Tell us about your work with Theatre Ad Infinitum?
During my time with Ad infinitum I co-created, composed and performed the one-woman show The Big Smoke, was part of the ensemble in Ballad of the Burning Star and am part of the ensemble and musical director for Bucket List. The productions seem to get bigger and more ambitious as the years roll on, which makes sense. As you mature you realise what’s really important, what is worth fighting for…why do I make theatre? Because there is a story that needs to be told, a voice that is being silenced and I have the tools, I have the privilege, I have the platform from which to deliver it to a wider audience. We’re so lucky to be able to do what we do; I take it on as a real responsibility. Bucket List is a great example – Theatre Ad infinitum wants to fly a big whack of women from all over the globe to London, and we do not hesitate to jump on a plane, why? Because we have got to get this story out. It’s got to get out.
How do you connect with the company and it’s (way of) theatre-making?
The plays that Theatre Ad Infinitum creates can only be achieved through the devising process. They are collective creations. Even if it is a one-person show, it is written as a team, shaped as a team. The performers think like writers and directors, there is very little ego; all the energy is focussed on the work – the story we need to tell. We are all here in service of the story (so it had better be a really urgent, important story or else we’re all working our butts off and tearing our hair out for nothing). I do not know any other way of working. Well no, I know other ways, we’ve met, but I don’t’ much care for them. Creating within the confines of an inflexible script written by someone who is long dead, and then directed by someone who doesn’t have any interest in my opinions during the rehearsal process…is not for me. Devising is mad, it’s insane and horribly frustrating sometimes, but it’s also incredible, and hilarious and makes magic.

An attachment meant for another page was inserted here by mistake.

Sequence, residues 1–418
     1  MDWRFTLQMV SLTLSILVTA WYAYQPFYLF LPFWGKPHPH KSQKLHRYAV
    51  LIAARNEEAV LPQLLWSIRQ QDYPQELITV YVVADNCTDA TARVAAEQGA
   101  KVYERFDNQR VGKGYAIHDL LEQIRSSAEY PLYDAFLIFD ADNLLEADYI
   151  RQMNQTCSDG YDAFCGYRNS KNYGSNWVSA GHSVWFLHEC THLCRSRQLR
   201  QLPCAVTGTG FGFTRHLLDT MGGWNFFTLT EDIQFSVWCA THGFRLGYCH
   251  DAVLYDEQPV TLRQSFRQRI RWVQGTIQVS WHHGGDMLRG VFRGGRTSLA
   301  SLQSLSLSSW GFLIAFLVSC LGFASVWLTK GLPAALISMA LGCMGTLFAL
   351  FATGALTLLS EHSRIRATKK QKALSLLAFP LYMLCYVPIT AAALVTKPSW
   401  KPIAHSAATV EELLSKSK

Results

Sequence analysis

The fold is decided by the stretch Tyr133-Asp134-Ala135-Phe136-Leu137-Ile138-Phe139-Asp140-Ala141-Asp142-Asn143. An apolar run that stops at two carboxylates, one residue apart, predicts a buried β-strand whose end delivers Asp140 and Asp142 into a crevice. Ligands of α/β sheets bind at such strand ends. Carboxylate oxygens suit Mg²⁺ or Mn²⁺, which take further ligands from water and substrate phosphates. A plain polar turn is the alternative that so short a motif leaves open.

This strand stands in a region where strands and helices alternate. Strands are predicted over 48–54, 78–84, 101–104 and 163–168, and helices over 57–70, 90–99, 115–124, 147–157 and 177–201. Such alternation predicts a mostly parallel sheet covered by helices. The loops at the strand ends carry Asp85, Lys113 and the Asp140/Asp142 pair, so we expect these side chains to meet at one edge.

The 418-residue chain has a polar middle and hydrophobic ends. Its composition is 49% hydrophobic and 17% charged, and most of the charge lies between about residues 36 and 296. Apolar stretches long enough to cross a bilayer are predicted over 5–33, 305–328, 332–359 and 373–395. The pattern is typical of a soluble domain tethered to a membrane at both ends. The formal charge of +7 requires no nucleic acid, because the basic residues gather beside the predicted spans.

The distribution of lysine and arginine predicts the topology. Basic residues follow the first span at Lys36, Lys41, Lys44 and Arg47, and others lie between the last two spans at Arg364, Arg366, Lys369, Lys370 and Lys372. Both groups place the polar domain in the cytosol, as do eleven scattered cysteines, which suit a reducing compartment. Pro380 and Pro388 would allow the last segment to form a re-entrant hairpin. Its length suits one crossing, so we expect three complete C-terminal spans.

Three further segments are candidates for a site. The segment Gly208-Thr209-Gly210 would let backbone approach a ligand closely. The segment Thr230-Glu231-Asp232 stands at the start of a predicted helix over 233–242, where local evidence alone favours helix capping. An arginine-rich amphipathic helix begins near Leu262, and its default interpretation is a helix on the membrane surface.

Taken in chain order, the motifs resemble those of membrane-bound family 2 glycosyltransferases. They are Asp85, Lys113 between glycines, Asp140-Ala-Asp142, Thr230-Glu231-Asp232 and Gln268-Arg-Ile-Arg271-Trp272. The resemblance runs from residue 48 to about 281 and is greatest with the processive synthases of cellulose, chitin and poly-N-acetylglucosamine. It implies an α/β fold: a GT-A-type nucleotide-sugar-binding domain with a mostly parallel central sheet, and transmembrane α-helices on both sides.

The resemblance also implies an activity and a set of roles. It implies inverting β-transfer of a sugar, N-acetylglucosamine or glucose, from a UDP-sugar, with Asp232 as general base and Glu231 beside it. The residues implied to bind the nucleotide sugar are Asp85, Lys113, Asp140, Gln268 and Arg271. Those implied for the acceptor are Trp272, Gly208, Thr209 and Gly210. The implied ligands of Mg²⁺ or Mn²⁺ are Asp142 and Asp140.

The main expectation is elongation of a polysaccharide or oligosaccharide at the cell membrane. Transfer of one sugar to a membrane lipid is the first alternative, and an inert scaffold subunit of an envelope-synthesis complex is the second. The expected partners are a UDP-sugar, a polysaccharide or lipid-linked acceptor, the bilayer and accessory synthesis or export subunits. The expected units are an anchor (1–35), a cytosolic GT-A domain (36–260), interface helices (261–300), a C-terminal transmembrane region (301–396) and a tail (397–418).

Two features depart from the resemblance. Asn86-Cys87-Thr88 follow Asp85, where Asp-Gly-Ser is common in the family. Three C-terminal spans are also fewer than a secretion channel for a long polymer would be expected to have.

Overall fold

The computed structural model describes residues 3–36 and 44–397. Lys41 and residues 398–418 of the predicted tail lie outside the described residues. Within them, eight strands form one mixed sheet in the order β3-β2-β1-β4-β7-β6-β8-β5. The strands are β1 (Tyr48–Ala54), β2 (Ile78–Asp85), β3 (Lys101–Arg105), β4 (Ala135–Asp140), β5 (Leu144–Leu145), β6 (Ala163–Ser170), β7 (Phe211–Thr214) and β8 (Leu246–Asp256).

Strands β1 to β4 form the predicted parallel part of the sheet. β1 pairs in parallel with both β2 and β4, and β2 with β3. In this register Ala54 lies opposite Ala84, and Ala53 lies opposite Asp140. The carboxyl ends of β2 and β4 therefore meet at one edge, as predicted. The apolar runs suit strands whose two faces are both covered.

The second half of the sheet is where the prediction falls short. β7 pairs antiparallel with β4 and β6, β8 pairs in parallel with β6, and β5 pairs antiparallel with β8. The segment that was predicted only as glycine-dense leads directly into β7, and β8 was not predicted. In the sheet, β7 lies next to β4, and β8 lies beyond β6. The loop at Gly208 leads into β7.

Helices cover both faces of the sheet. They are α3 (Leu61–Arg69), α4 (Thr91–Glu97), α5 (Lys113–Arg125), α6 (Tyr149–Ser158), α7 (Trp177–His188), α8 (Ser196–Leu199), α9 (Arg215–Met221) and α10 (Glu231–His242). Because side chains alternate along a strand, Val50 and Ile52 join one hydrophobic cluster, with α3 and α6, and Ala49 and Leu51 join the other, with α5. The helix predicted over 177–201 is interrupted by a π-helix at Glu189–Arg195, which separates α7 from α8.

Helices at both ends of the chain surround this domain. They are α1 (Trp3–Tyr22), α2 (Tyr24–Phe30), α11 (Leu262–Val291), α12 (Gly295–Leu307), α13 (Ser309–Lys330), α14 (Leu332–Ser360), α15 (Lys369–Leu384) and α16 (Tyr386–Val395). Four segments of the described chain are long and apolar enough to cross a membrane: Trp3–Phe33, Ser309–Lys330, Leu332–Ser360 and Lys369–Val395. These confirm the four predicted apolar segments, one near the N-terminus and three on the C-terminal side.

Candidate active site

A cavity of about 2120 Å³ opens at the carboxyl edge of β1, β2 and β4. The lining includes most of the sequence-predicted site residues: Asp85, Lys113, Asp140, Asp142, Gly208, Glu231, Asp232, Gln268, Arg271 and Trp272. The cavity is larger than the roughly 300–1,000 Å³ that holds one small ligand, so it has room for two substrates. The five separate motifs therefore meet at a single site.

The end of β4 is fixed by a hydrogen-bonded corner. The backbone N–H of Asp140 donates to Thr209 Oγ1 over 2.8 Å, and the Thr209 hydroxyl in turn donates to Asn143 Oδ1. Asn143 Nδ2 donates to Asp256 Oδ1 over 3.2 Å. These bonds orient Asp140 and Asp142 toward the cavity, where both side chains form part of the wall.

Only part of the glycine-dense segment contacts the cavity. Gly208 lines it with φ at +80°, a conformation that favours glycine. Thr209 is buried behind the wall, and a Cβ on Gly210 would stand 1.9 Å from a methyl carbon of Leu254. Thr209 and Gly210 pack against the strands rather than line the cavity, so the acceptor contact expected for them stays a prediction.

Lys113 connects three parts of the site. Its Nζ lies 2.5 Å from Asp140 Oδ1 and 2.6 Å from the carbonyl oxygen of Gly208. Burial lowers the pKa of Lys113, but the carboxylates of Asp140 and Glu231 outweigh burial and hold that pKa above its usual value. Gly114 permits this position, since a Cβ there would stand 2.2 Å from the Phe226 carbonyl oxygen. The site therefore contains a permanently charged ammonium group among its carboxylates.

What are the important issues / What have you learnt during the research for the show?
Working on this show reminds me that we need to be brave theatre makers. Some of the issues we are tackling in Bucket List are terrifying because the stories we are telling are describing the lives of real people, living under horrific circumstances and we – you and me and every audience member who will see this show are directly connected to them. Admitting hypocrisy is scary. Naming names is risky. Taking responsibility is absolutely necessary.
This isn’t a fairy tale or a myth or an adaptation, this is a true story about how the rich take advantage of the poor, right now, today. And if you think you are exempt from this truism ask yourself who made the shirt you’re wearing or the car you are driving or the chocolate bar you bought yesterday because the odds are, if you didn’t research before purchasing, it was made by a child or an abused factory worker being paid slave wages in a sweat shop by a western corporation which was made possible by a treaty like Nafta or the new Trans-Pacific Partnership so that we can buy more crap that we don’t need at cheaper prices.
During this process I am constantly catching myself in my own daily hypocrisy. It requires a bit of re-wiring, to not only empathise with those who have it bad in a distant country, but to admit that I am contributing to their misery and declare that I will actively do something about it.
What advice would you offer theatre makers at the beginning of their careers?
The same advice I was given when I left theatre school – only do good work.
What is your greatest achievement as an artist?
Winning the Oscar the Tony and the Grammy. Oh wait that wasn’t me. Next Question.
What do you like to do when you are not making theatre?
Be in bed. With snacks.
-Amy Nostbakken, actor/musician, composer, musical director